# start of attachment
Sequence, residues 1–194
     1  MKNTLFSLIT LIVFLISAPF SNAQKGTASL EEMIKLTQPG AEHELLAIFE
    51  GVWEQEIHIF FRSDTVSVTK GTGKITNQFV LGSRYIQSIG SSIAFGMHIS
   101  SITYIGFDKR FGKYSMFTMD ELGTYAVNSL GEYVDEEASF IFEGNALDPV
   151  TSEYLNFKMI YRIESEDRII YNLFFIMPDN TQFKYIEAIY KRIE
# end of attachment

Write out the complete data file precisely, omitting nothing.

Sequence, residues 1–194
     1  MKNTLFSLIT LIVFLISAPF SNAQKGTASL EEMIKLTQPG AEHELLAIFE
    51  GVWEQEIHIF FRSDTVSVTK GTGKITNQFV LGSRYIQSIG SSIAFGMHIS
   101  SITYIGFDKR FGKYSMFTMD ELGTYAVNSL GEYVDEEASF IFEGNALDPV
   151  TSEYLNFKMI YRIESEDRII YNLFFIMPDN TQFKYIEAIY KRIE